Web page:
To our Hindu brothers and sisters, we have only this much to say.
“We are sorry. This is not Jinnah’s Pakistan. This is Wahhabis/neo-Deobandis Pakistan.“
Fata’s 35 Hindus migrate to India
Monday, 09 Mar, 2009
More then 200,000 people have fled the fighting in Fata to different camps in Pakistan.—AP/File
AMRITSAR: A group of 35 Hindus, nearly half of them women, from Pakistan have crossed over to India and asked the government to allow them to settle in the country, Indian media reported Monday.
‘We were living in Pakistan under extreme fear due to the domination of a strong group of Taliban who are running a parallel government,’ Jagdish Sharma, a resident of tribal area near Peshawar in Pakistan, said according to report.
Four families comprising 16 men, 16 women and three children crossed over to India during the last few days through the Attari check post and later went to Delhi where they got a one-year visa and permission to stay in Amritsar.
‘We strongly urge the government of India to allow us to stay here in India permanently, since we don’t want to move back in that hell where there is no life security,’ said Sharma.
Hardwari Lal, resident of Orkzai agency said: ‘I was running my grocery shop there which was forcibly taken over by the fundamentalists who also took possession of our entire property.’ (Dawn)
And to our Eruropean guest, once again, we say: “We are sorry. This is not Jinnah’s Pakistan. This is Taliban’s Pakistan.”
Under house arrest
By Maureen Lines
Monday, 09 Mar, 2009
“I HAVE received many calls from our supporters concerning your safety,” wrote the chairman of my UK-based charity’s board of trustees. The targeting of the Sri Lankan cricket team has sparked significant panic abroad.
In Peshawar, life has become increasingly difficult for foreigners. During the days of the Mujahideen, there were frequent incidents of car bombings in the area; NGOs had the usual security guards as well as crow’s nests installed above their gates, which were manned by armed Afghans. Weapons were carried casually and ostentatiously. And the American Club was a swinging rendezvous joint for journalists, aid workers and tourists. All this is no more.
The club is still open, but its clientele reduced dramatically. There are just a few of us here now, and we all keep our heads down. Venturing forth is a hassle. A trip to Islamabad means remembering a list of items — besides our passport, ID card and mobile phone. Women have to remember the chador.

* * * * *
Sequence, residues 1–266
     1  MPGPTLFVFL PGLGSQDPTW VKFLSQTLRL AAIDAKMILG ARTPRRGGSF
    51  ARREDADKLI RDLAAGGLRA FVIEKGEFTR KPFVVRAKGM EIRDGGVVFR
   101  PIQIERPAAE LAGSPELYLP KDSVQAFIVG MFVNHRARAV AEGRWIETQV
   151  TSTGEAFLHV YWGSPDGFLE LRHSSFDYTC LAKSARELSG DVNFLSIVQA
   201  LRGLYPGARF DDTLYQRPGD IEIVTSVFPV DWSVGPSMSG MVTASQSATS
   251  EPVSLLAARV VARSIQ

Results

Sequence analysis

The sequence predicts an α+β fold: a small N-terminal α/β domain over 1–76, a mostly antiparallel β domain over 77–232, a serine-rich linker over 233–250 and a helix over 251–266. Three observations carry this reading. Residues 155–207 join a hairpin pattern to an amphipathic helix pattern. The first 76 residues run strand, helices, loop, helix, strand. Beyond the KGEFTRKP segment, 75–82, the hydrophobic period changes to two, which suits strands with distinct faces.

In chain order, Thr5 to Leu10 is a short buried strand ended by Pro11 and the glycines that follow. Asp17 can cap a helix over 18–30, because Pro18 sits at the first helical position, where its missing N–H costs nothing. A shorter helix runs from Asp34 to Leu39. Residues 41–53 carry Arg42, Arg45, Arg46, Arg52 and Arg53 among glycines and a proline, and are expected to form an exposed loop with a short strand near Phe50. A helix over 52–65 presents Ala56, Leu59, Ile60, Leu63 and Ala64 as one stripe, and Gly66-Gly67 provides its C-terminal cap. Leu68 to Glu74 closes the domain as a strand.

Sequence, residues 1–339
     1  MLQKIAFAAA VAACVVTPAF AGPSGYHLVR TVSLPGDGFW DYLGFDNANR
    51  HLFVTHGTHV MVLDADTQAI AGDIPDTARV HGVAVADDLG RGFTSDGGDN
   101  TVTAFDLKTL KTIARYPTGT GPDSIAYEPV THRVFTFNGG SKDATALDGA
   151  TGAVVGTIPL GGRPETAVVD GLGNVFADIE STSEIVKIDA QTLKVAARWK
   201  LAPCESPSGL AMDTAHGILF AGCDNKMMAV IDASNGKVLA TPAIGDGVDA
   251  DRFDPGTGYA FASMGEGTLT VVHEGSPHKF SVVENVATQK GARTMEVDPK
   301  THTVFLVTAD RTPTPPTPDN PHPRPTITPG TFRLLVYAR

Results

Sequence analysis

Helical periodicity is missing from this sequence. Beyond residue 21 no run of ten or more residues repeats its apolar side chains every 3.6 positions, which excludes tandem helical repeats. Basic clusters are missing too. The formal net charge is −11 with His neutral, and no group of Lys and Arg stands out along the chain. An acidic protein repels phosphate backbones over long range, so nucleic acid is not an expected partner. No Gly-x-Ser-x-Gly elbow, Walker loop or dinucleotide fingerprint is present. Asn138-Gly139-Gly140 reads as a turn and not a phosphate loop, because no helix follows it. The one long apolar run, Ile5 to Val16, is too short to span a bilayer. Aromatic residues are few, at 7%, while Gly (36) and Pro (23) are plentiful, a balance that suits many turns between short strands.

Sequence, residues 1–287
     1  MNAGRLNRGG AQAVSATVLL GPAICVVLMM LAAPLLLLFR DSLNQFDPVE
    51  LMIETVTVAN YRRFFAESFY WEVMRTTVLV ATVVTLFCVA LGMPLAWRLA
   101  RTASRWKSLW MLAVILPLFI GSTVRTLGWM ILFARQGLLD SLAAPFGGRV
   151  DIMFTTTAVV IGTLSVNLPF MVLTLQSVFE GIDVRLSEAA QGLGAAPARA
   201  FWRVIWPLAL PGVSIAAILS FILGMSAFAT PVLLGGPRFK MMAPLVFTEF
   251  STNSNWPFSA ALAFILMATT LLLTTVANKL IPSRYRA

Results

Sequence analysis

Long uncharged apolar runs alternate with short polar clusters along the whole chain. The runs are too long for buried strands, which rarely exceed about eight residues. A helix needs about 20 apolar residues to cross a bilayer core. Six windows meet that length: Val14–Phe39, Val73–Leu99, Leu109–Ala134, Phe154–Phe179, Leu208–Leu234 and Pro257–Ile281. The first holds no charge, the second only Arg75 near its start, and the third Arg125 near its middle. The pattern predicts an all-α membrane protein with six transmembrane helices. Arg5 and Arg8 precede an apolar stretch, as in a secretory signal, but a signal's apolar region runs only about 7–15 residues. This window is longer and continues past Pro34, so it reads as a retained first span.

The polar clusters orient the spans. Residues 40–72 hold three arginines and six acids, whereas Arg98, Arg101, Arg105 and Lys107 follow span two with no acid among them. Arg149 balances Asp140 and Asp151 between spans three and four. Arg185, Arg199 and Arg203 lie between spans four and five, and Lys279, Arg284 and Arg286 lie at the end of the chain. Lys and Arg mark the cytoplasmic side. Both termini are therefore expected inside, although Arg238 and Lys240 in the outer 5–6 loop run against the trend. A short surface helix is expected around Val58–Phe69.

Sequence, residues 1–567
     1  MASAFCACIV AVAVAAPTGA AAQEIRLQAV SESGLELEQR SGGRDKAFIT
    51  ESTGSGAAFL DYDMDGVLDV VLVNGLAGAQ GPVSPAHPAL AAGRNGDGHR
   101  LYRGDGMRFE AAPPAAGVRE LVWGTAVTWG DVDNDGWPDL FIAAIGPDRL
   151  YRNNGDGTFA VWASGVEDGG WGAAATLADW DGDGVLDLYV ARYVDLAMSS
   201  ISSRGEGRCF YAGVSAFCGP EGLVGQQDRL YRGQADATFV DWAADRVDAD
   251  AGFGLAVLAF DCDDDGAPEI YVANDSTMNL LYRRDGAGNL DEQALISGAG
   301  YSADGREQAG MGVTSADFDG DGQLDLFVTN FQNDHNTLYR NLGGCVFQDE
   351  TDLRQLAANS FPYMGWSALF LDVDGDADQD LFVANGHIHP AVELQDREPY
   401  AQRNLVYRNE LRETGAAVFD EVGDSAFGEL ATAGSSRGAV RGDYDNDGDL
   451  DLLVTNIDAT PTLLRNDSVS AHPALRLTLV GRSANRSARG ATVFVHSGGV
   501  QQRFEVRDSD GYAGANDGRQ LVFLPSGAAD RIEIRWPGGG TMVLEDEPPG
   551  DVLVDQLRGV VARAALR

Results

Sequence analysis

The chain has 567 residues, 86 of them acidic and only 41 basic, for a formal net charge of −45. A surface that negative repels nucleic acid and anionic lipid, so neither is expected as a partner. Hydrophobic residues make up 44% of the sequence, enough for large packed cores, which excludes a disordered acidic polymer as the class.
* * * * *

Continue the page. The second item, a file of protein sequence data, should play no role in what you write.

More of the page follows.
I know a Swiss woman who was grumbling about wearing it and had the same problems as I; wearing the attractive and colourful kameez in the summer is one thing, the dupatta, once learnt, is easy to manipulate, but the chador is much more of a challenge. If it is long, it becomes dangerous as it is all too easy to trip over it. Or it gets caught in the car door. All too often, I find myself flinging the garment off when I enter the secretariat to visit a government functionary. This usually results in comments from my driver but I am too glad to be free of it to heed his advice.
Expatriates have no tolerance for embassy directives. Everyone feels that embassies overreact. But at the other end, something as benign as walking to enter a particular building causes disbelief and resentment — take a security guard who, regardless of the fact that he had been seeing me every week for many months, wanted to search for me and it took several people to assure him that I was without evil intent.
One of my great pleasures in Peshawar is to go to the old city. I used to love strolling through its narrow, dusty streets with my camera and chat with shopkeepers. Once, just after 9/11, I took a team of European television journalists on a tour of the old city. Everywhere, people called out to us with welcoming smiles and even today, when I venture there with a camera, albeit with that wretched chador, the shopkeepers still smile and wave to me — the famous hospitality and friendliness of the people lives on.
Friends in Islamabad have begged me to leave Peshawar and come to their city. How can I leave my home, my office, my work? And would I still not be under ‘house arrest’ there? None of the foreigners go to restaurants anymore, but they do here in Peshawar; people in Islamabad either stay home or visit friends’ homes. However, some still take a walk in the hills or visit tourist sites.
Even if I have to be swathed in several yards of material, I would still prefer Peshawar, a city I now call home. Except for occasional trips to the bank and government offices, and a few visits to Islamabad, I remain within my four walls. But I still lead a busy life. I run my office and am involved in my charity and NGO, enjoy my garden with my dogs and keep abreast of events through the Internet, newspapers and the television. I still have the phone to talk to friends and once in while someone comes over for dinner.
At the moment, I am planning a spring visit to Kabul, and am also figuring out how to get to Chitral. Perhaps my chador will not be sufficient. Many times in the past, I have gone through the towns of Timergara and Dir in disguise. On several occasions, it was to outwit the police in the outlying villages of Chitral district, as law-enforcement agencies were hounding me to permit them to provide security to my driver and me. Now it is a different ball game. When I leave my house, I am actually venturing out into a dangerous and hostile world. (Dawn, 9 March 2009)